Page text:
Right breed for you?

Great Pyrenees: Is this the breed for you?

You’ve seen these big, beautiful white dogs. You’re impressed, naturally. You think you want one. This is understandable. But . . . is this the breed for you? They are not the ideal pet for everyone!

The mature, sedate Great Pyrenees which you have seen did not just materialize suddenly. It grew from a cuddly, lovable ball of fluff which at 8-12 weeks of age is most captivating. From puppyhood to adulthood is a great distance and a considerable time. As a breed they are remarkably healthy and long lived. They have few major genetic problems and usually live to be 10-12 years old.

8 week old pupsPyrs combine a great intelligence with a deep devotion to family and home, and a natural-born instinct to guard and protect. While trustworthy, affectionate, gentle and tractable, they can become, when and if the need arises, protective guardians of their family and their territory. Thus, they command respect as watch dogs as well as admiration as pets.

Adult Pyrs are placid by nature and calm in the house, enjoying quiet periods in which to rest and sleep. But they are a large breed and as such are not always suited to life in a small apartment or urban setting with little yard space and lots of activity around. They want their life to be consistent and predictable.

The addition of a dog to your family is a major decision and deserves a great deal of time and thought. A Great Pyrenees is placid by nature, so despite their size, they are excellent house dogs. Yes, an adult Pyr is a beautiful, calm dog, but there are other considerations-have you thought of these?

Considerations

Are you physically able to handle a very large dog? Basically gentle, they are strong, and during the phases of puppyhood can be a real challenge.

Does dog hair around the house bother you? If so, forget the Pyrenees. While with routine grooming they are not much different than any other breed, they do shed and there are white hairs in Pyr homes and on Pyr people.

Pyr and friend at playA Pyr needs love and attention on a daily basis. Are you and your family able to provide this? A lonesome Pyr is a bored dog, and a bored dog can become destructive. Great Pyrenees are at heart guard dogs and members of the great family of livestock guardian dogs. As such, they share with them certain strong characteristics. Pyrs were bred to be left alone with the sheep up in the mountain valleys. They are a guard dog by instinct, not by training. Their basic personality isdifferent from most breeds, since most breeds were bred to take commands from people, while Pyrs were bred to work on their own.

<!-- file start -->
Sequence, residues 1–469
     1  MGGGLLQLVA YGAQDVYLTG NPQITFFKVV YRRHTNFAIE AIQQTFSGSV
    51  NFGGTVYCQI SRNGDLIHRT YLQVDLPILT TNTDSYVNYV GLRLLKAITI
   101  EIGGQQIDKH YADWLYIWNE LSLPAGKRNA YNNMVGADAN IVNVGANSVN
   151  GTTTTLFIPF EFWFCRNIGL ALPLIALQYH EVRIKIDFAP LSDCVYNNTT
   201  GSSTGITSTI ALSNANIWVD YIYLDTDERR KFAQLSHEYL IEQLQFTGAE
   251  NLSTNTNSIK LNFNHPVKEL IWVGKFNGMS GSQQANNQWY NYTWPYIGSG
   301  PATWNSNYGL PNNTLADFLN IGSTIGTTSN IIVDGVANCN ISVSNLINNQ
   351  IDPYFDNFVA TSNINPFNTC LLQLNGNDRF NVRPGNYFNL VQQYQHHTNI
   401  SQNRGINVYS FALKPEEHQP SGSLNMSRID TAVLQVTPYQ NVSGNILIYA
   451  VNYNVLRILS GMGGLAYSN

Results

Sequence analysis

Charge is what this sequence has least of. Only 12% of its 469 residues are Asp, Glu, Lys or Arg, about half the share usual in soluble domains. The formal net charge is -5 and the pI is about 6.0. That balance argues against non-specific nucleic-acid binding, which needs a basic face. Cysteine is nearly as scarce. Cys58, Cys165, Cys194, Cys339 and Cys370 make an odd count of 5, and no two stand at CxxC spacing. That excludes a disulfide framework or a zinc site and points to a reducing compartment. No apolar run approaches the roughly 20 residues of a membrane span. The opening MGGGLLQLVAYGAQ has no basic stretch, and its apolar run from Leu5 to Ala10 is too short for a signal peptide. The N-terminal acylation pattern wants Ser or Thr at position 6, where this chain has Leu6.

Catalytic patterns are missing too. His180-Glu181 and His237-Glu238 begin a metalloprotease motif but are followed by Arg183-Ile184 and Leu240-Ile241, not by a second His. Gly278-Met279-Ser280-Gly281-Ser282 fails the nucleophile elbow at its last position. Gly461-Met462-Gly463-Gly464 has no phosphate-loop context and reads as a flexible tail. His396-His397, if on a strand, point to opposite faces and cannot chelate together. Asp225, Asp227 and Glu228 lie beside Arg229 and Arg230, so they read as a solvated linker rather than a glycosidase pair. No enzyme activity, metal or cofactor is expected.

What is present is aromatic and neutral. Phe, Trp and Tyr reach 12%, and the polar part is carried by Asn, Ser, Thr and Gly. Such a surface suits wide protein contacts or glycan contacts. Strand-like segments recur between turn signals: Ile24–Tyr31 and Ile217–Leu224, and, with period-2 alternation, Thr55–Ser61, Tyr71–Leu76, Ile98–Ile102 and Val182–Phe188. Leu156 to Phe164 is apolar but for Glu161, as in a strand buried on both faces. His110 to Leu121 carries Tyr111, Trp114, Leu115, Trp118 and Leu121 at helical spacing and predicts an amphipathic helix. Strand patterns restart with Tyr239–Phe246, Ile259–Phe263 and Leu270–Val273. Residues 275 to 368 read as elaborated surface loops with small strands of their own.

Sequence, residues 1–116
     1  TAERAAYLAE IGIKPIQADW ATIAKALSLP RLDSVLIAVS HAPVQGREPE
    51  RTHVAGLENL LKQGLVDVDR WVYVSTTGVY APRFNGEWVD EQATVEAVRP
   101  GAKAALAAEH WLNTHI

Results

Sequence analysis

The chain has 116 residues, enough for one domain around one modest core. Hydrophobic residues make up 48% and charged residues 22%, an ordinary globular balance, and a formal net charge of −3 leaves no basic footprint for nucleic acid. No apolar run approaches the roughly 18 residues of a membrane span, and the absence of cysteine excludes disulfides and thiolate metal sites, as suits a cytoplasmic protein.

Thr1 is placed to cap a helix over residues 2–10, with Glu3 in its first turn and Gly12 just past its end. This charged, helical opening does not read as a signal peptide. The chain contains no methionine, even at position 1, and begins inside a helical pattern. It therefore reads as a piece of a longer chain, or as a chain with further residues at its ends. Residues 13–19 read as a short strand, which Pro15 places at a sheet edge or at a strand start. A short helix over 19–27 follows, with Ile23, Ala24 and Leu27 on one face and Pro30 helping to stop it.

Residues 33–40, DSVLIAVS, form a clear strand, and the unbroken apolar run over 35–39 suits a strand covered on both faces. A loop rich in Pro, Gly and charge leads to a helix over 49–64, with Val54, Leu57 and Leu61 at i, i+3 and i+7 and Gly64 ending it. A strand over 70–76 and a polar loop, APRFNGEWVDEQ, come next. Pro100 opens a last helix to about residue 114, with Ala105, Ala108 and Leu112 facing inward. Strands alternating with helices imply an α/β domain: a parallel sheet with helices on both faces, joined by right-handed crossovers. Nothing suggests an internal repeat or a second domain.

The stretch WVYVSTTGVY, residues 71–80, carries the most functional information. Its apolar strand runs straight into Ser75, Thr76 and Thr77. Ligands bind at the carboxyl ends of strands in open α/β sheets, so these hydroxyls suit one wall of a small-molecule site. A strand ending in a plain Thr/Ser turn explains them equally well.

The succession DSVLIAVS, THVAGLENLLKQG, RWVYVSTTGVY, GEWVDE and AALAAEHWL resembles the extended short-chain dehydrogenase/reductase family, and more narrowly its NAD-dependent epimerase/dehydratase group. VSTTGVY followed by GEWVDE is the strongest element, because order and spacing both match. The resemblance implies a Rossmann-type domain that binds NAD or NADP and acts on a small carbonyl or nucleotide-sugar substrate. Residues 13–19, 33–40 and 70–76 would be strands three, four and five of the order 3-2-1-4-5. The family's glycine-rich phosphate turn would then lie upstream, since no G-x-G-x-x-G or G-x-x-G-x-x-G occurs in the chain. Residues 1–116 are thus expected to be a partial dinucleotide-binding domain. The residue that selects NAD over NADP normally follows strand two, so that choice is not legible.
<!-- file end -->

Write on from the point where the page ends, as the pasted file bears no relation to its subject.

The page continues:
A Great Pyrenees is an intelligent, sometimes willful animal. They have minds of their own and are not easily obedience trained. Things that you consider important may not be the same things your Pyrenees considers important. Many are almost cat-like, in their independence.

Do you have room for a Pyr? They are large and must be confined in a well fenced area, or they will exercise their powerful instinct to establish and patrol a large territory. When out of the fence they must be kept on lead at all times. If you require a dog who will be a great “off-leash” companion for your outdoor activities, if you want a dog who will follow your every command, or if you want a competition obedience dog, the Pyrenees is probably not for you.

Like all livestock guardian breeds, Great Pyrenees are barkers, especially at night. The amount of barking varies from individual to individual, but the instinct is there and in some cases can cause major problems. Most Great Pyrenees in urban or suburban settings must be kept indoors at night.

The Great Pyrenees is a guard dog and as such cannot be expected to welcome uninvited intrusions onto your property. They will accept anyone whom you invite into your home. They are not “attack” dogs, but can be very intimidating to the surprised visitor. It is an owner’s obligation to maintain a Great Pyrenees so that his guarding instincts can be exercised in a responsible way. These are things to think about. If you find you’ve answered them honestly and still want a Pyr, here are some suggestions as to how you should choose your puppy.

Adapted from a publication of the Great Pyrenees Club of America, rev. 1992.